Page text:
Take, for example, the Dansk meat set that my American grandmother bequeathed to them. It is all white with relief patterns of fruit and vines. My grandmother brought the dishes to Israel with her when she made aliyah at the age of 90. “This set is complete, there are 14 settings!” my mother proclaims in admiration. This doesn’t surprise anyone. My grandmother was a scrupulously careful and highly efficient woman. I remembered how she would cut up the pot roast on my distinguished and highly capable grandfather’s plate as if he were a helpless baby. To this day I do not know if it was an act of indulgence and affection on her part or an expression of passive aggression. My brother pronounces his scholarly architectural opinion that “this set is hideous.” My sister says he’s just saying this to lower the price ahead of negotiations.

“Now we’ll go in age order and everyone will choose the set they want,” my mother proposes. My sister chooses my mother’s beautiful, eclectic collection of blue china. Second in line, I choose the pinkish ones we use for Yom Kippur eve. “Are you sure?” my mother asked, “there are only the dinner plates left and maybe some serving utensils, nothing else.”

I know that this is the set my mother assembled slowly and surely for a whole year when, for every purchase at the supermarket, she received a coupon for a single plate. I wasn’t born yet, my father was a medical student, my mother taught Hebrew at Sunday School. They didn’t have two pennies to rub together. I imagine her in a brown, itchy minidress, with a short beehive ’60s hairdo, hesitant, embarrassed, speechless, so far from her parents’ house in Afula, slinking around among the dishes in the aisles of an American supermarket in Baltimore.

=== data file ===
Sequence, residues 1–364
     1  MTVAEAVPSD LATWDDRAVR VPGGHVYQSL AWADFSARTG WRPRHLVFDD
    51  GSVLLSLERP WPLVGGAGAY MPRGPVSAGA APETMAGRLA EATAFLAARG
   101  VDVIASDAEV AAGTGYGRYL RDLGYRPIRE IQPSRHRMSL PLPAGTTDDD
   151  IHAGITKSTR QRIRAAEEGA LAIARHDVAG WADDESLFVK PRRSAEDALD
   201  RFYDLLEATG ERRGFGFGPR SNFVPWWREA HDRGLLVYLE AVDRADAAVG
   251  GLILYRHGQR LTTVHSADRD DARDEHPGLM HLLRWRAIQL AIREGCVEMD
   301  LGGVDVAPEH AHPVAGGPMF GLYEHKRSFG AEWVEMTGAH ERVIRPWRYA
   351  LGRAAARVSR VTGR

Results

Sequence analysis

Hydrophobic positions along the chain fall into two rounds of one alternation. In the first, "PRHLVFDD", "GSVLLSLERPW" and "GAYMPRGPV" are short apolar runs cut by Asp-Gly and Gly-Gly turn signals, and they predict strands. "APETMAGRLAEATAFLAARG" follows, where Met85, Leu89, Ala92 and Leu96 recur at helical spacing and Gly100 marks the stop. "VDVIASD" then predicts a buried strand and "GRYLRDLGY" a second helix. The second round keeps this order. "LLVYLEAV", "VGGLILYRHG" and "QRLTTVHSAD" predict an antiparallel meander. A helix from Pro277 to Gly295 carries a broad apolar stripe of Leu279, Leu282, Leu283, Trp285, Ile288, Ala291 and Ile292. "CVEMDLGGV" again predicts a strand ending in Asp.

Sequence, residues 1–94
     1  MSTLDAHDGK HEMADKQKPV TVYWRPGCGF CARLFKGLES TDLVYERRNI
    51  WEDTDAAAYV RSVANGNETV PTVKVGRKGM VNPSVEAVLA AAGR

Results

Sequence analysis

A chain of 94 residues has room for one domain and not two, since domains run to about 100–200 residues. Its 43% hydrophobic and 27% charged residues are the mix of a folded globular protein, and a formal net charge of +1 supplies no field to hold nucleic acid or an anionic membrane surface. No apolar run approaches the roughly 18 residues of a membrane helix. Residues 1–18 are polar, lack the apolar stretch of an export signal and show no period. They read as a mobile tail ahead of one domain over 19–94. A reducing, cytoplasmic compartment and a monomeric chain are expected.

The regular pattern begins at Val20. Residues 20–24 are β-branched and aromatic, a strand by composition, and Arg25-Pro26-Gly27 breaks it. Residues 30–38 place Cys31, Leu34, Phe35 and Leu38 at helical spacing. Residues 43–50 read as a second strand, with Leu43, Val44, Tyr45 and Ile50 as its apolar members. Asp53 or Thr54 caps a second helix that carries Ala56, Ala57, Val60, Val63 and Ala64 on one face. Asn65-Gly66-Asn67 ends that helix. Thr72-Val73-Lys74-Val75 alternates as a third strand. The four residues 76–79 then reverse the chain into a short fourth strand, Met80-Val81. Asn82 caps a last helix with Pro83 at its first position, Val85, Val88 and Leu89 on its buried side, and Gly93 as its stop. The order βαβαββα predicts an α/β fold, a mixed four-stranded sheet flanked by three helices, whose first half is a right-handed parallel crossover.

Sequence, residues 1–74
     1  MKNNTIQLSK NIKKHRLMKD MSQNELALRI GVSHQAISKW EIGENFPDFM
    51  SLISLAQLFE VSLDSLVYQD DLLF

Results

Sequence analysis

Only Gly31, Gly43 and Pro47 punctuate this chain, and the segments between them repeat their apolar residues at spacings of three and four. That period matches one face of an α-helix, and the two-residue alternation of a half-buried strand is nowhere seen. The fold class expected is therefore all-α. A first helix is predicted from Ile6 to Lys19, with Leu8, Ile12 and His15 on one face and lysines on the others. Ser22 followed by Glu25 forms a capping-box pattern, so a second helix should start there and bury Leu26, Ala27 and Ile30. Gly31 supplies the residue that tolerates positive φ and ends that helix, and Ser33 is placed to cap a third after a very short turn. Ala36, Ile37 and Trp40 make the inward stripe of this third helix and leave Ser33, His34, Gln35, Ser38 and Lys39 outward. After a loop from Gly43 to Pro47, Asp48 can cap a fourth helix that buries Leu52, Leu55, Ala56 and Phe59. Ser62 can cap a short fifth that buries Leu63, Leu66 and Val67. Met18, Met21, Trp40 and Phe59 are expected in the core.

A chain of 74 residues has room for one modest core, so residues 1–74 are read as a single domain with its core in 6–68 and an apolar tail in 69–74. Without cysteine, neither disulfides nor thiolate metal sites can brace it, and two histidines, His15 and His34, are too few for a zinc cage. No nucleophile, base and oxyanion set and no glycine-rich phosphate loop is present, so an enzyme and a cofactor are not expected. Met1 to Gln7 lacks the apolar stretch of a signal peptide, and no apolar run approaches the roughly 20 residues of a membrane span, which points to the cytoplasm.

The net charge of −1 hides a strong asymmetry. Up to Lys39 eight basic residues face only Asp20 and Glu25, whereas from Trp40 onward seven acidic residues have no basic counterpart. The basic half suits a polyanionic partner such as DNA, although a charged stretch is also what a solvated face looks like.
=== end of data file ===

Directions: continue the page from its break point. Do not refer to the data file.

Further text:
“Yes, this is the set I want,” I reply.

When my brother’s turn comes, he excuses himself to go to the bathroom for a moment. My sister says he’s going to google the prices of the expensive set and consult his wife on what to take. I ask him if he’s going to do a number one or a number two because we don’t have all day.

After all the good sets are handed out, my mom serves us soup on her everyday dishes. My brother says the silverware is already his so we’d better be careful with the spoons. I say the used napkins are mine, so they’d better not dare throw them away. My mother remembers the linen napkins and asks if I would like to see them. “For God’s sake, why can’t we do this after a ‘hundred and twenty’ like normal people?” My mother replies that after a ‘hundred and twenty,’ it’s just a division of property, but before a ‘hundred and twenty,’ it’s a gift. And she’s more about the giving. And also it’s the stories that come with it.

We are silent.

I looked up and saw my family sitting around the table and chattering like we did when we were kids when no one thought about a “hundred and twenty.” Suddenly I did want to see my mother’s embroidered linen napkins, but I was too embarrassed to ask.

Then my dad asked who wanted his sweater. And we laughed again. I asked what else he had in the closet, and my mom said, “Oh, the closets! Let’s do a round of cabinets now so you’ll have where to put the dishes after a ‘hundred and twenty,'” and we said forget about it, we’re going home.

That night my mother called. It was already late and my heart jumped a little. “What’s wrong, Eema?” I asked.

“When we put the dishes back in the cupboards a cup fell and broke. I think it’s from your set, Ruthie, I’m sorry.”

“Which set?” I asked.

“The very delicate china – thin, like a napkin,” she said.

“Oh, don’t worry about it,” I said. “It’s no big deal, thank God – that’s my sister’s set.”

About the Author
Ruth Efroni, a writer, is Head of TV Content at Green Productions, a film and video production company.